WASHINGTON – President Bush could remove millions of residents from Annapolis with the stroke of a pen — and possibly save the town’s transit system in the process.
A bill awaiting Bush’s signature would clarify a federal government classification that lumped Annapolis transit in with Baltimore in 2000, boosting the capital city’s population beyond the point where it can receive small-city transit funding.
The Transit Operating Flexibility Act, which was passed unanimously by both the House and Senate, will allow Annapolis and 51 other small cities around the nation to continue to use federal money for operating, despite new population growth.
“By definition, we went over our population by millions,” said Danielle Matland, director of transportation for Annapolis. “The result of that would be a drastic cut in our budget.”
Under current federal transit funding guidelines, regions with a population of more than 200,000 people cannot use federal grants to pay for operating expenses like drivers’ salaries and office staffing.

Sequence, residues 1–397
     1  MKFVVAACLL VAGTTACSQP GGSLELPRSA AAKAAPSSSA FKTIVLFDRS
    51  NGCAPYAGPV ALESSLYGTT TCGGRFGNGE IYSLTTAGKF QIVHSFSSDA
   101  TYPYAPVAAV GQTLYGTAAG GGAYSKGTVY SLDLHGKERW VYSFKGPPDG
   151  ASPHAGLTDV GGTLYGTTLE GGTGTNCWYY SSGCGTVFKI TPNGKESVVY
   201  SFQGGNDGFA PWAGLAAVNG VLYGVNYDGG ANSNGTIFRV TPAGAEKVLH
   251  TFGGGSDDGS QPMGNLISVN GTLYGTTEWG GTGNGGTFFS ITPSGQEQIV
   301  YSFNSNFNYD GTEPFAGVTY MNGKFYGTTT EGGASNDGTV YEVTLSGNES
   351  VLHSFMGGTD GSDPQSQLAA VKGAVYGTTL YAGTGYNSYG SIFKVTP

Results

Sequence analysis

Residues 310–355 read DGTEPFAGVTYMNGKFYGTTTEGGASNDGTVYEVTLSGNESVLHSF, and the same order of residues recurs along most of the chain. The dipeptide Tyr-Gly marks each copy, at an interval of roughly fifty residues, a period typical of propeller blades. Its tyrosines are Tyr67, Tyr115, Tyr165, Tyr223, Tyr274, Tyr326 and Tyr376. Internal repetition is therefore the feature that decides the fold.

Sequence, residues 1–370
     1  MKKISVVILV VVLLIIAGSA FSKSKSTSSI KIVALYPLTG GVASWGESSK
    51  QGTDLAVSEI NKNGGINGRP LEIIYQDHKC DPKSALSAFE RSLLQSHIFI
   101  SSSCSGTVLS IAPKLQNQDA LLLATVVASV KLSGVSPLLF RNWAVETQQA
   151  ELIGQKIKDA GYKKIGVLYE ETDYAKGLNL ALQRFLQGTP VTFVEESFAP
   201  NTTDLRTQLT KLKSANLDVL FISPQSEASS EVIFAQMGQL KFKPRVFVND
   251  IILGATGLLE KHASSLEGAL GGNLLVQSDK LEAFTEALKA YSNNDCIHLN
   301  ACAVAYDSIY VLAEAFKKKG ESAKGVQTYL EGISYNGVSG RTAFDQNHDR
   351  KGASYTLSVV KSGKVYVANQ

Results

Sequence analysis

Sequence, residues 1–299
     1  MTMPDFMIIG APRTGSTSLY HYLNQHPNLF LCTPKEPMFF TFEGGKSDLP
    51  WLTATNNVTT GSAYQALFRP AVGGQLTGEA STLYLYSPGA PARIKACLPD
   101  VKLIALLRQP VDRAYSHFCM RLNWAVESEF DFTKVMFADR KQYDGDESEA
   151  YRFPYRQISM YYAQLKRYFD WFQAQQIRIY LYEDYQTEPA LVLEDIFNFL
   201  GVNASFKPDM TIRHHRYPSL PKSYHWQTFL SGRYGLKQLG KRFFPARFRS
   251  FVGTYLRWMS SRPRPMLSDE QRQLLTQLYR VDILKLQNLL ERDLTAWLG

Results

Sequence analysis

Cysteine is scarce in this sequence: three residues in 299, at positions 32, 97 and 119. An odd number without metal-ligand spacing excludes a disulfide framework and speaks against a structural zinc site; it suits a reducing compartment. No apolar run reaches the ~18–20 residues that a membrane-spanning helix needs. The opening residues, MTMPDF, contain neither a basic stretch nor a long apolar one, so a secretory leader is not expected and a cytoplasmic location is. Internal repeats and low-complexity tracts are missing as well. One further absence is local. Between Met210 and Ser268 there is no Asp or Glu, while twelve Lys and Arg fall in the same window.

According to the 2000 Census, Annapolis has a population of 35,838. But Matland said the law covering transit funding looks at service areas, and for the government’s purposes Annapolis’ service area included metropolitan Baltimore. And the regions millions of residents.
The change was to take effect in federal fiscal year 2003, which begins Tuesday. It could have cost Annapolis the $600,000 it receives for operations, almost half of its $1.2 million transit budget.
“A half-million dollars is nothing to Baltimore or New York, but to us it’s almost everything,” Matland said.
The city’s 24-bus system has eight routes and serves just over 3,000 riders each day, a fraction of the 348 routes and over 500,000 riders that travel on Metrobus in metropolitan Washington.
This bill will not increase funding to Annapolis, just restore it to the level that had been budgeted for fiscal 2003. But the bill also only covers fiscal 2003, meaning the issue will have to be revisited in a year.
Matland said that the 200,000 Population Coalition, the driving force behind the legislation, is seeking to fix the guidelines for future years.
She said her department would still use capital funds to purchase four new buses for next year and create one new route. But it still suffers from a lack of drivers and competitive salaries. The current starting pay for drivers is $8 or $9 an hour, “barely more than McDonald’s,” she said.
“We don’t have those economies of scale where we can pay our drivers $45,000,” she said.
Matland stressed that Annapolis is more than just historic homes and a waterfront.
“We have a lot of people who live in subsidized housing and we need to serve them, too,” she said.